The zebrafish may not look anything like us but scientists believe it holds the key to fighting heart disease, thanks to its remarkable ability to repair its own heart. In a novel study, a University of Pittsburgh researcher has found success in using the extracellular matrices (ECM) in zebrafish to jumpstart mammalian cardiac tissue regeneration, possibly bringing science closer to fixing a "broken heart."

Apart from sharing 70 percent of the same genes, the zebrafish's heart also shares many similarities with ours, except for a few notable differences, chief of which is its ability to heal itself when damaged. Indeed, destroy or remove up to 20 percent of a zebrafish's heart and within a month, it will be as good as new, having repaired itself completely. Human hearts are not so fortunate. Although we have this regenerative ability in the embryonic stage, we lose it rapidly after we are born. Why is this so and more importantly, can it be restored? This is the crux of bioengineering professor Yadong Wang's research: to see if ECM plays a role in the zebrafish's regenerative ability and whether it can coax a similar response in mammalian hearts.

While some researchers have sought to tap into the heart's own self-repair capabilities and use pluripotent stem cells to make functional heart tissue that can be worn as a 3D patch, this study focuses on the architectural foundation of organs – ECM. The importance of ECM lies in that it is involved in nearly all cellular activities, including tissue development and regeneration. In addition, using zebrafish ECM departs from conventional studies that focus on mammalian ECM as the latter is derived from a fibrosis-prone tissue that impedes recovery, states the study.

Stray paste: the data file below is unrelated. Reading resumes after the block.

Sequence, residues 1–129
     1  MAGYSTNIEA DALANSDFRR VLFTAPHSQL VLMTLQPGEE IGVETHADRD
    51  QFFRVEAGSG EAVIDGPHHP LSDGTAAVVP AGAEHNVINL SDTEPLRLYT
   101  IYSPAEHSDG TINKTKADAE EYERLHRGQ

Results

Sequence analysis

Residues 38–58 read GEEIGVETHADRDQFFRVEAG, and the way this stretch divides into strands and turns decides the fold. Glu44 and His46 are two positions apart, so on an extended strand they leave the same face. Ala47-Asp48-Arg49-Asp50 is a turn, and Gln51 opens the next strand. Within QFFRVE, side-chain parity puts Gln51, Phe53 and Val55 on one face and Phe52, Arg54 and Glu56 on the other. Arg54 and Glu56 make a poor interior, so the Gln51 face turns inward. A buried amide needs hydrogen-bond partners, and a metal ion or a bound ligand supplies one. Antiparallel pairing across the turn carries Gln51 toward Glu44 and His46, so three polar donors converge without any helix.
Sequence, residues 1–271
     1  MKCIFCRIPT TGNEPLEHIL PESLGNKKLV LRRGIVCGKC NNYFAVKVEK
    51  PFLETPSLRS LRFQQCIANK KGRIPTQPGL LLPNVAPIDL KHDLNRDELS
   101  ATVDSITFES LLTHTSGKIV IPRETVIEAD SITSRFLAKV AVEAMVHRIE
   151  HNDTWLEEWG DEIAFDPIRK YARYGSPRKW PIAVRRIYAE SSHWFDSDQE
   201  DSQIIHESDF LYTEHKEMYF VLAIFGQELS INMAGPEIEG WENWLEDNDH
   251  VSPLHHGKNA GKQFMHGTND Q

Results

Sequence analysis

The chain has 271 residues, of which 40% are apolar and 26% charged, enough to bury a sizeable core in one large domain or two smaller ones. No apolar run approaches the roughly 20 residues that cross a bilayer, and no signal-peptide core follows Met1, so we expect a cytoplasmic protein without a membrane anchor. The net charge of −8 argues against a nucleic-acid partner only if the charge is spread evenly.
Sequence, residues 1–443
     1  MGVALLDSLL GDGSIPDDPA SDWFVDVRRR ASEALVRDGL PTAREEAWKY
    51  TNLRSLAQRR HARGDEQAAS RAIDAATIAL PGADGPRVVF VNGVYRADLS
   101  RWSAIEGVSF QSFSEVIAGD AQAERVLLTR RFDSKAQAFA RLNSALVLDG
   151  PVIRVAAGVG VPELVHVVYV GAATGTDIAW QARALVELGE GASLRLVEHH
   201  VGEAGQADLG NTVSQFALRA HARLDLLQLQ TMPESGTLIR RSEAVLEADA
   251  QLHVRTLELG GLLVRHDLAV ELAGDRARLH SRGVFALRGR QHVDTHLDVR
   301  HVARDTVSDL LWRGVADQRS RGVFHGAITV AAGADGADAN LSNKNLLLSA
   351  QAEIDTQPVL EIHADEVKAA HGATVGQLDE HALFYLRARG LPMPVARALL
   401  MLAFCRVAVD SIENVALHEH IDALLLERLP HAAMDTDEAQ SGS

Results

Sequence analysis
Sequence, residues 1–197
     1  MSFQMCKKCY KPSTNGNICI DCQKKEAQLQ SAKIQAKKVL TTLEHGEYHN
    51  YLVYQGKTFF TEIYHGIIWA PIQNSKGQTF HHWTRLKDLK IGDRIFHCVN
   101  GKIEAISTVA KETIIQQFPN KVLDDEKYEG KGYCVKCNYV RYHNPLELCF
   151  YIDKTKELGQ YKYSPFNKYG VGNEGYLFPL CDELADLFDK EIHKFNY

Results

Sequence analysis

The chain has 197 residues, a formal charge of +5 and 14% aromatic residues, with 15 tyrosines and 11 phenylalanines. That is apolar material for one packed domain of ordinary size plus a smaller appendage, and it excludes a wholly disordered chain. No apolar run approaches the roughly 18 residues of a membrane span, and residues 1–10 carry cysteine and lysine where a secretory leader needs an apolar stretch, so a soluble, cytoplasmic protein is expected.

To put their hypothesis regarding the regenerative abilities of zebrafish ECM to the test, Wang and his team first separated them from the cells to ensure that the recipient mice hearts would not reject them.

"It's difficult to inject foreign cells into a body because the body will recognize them as foreign and reject them; that's not the case with ECM," said Wang, explaining that ECMs are less likely to be rejected as they are composed of collagen, elastin, carbohydrates and signalling molecules and have no cell surface markers, DNA or RNA from the donor.

They then injected the ECM into a mouse heart with damaged muscles. According to Wang, it restored heart function almost immediately and the healing effect was noticeable within five days after treatment. Within a week, it was beating more strongly than the untreated test subjects.

"The heart beats as if nothing has happened to it," said Wang. "And our approach is really simple."

To further test the effectiveness of zebrafish ECM, the team took samples from normal specimens as well as those with damaged hearts in which the ECM had already begun the healing process, and found that while both were effective in repairing damage, the latter was more potent in restoring heart function in the mice.

As part of the study, the researchers also simulated the harsh environment that develops when there is a heart attack or disease, and found that the zebrafish ECM protected in vitro human cardiac myocytes –specialized heart muscle cells – from the stresses.

Following this project, Wang hopes to expand heart treatments to larger mammals in a future study and is using this process to regenerate nerves in mammals.

The results of the study were published in Science Advances.